A New Bioactive Fibrin Formulation Provided Superior Cartilage Regeneration in a Caprine ModelElif Vardar, Hui Yin Nam, Ganesh Vythilingam, Han Ling Tan, Haryanti Azura Mohamad Wali, Eva-Maria Engelhardt, Tunku Kamarul, Pierre-Yves Zambelli, Eleftheria Samara
- Inorganic Chemistry
- Organic Chemistry
- Physical and Theoretical Chemistry
- Computer Science Applications
- Molecular Biology
- General Medicine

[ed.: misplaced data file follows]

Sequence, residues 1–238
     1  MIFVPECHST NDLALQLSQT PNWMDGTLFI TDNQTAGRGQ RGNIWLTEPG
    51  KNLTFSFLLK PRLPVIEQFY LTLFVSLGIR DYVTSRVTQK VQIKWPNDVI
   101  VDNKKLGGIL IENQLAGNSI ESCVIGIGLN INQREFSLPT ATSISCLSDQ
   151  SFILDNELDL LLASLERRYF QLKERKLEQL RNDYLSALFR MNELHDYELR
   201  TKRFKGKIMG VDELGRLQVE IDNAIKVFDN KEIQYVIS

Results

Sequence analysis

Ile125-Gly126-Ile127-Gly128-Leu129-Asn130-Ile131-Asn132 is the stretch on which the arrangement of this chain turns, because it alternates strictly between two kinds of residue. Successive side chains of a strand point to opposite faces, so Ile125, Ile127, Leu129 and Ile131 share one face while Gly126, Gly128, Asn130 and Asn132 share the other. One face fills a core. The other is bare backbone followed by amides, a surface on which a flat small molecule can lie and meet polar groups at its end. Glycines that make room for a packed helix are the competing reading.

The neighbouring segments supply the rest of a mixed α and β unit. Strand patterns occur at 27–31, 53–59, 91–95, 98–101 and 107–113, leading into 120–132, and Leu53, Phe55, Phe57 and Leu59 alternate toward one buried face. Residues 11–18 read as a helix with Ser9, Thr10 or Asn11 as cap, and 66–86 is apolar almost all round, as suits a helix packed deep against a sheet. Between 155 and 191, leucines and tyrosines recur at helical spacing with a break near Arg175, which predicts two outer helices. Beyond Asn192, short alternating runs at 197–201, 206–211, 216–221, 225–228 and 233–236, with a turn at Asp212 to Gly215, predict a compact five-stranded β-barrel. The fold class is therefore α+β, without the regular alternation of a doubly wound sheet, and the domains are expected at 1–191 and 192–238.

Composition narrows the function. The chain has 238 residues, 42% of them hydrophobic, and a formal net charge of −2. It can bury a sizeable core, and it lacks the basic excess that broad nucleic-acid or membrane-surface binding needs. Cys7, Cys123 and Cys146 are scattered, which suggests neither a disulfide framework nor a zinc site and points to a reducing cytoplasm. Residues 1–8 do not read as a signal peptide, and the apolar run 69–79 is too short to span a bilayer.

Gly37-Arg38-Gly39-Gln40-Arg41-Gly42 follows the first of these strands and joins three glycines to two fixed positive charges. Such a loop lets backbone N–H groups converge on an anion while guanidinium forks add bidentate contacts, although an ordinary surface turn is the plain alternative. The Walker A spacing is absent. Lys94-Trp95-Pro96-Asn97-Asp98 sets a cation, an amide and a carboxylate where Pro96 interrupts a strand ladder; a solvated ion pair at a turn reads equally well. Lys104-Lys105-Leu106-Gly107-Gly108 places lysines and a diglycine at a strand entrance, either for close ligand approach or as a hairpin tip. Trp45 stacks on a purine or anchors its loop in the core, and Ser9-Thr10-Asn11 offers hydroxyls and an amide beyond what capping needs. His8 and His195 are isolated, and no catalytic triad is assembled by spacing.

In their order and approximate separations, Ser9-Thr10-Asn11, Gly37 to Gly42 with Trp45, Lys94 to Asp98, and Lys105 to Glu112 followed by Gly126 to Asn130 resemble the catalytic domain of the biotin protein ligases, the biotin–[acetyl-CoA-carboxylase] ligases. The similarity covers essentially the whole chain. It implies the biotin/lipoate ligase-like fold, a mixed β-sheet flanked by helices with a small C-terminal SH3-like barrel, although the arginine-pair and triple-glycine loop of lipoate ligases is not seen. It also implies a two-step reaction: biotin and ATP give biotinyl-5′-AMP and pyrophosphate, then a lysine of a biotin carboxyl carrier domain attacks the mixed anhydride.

The effective and long-term treatment of cartilage defects is an unmet need among patients worldwide. In the past, several synthetic and natural biomaterials have been designed to support functional articular cartilage formation. However, they have mostly failed to enhance the terminal stage of chondrogenic differentiation, leading to scar tissue formation after the operation. Growth factors substantially regulate cartilage regeneration by acting on receptors to trigger intracellular signaling and cell recruitment for tissue regeneration. In this study, we investigated the effect of recombinant insulin-like growth factor 1 (rIGF-1), loaded in fibrin microbeads (FibIGF1), on cartilage regeneration. rIGF-1-loaded fibrin microbeads were injected into full-thickness cartilage defects in the knees of goats. The stability, integration, and quality of tissue repair were evaluated at 1 and 6 months by gross morphology, histology, and collagen type II staining. The in vivo results showed that compared to plain fibrin samples, particularly at 6 months, FibIGF1 improved the functional cartilage formation, confirmed through gross morphology, histology, and collagen type II immunostaining. FibIGF1 could be a promising candidate for cartilage repair in the clinic.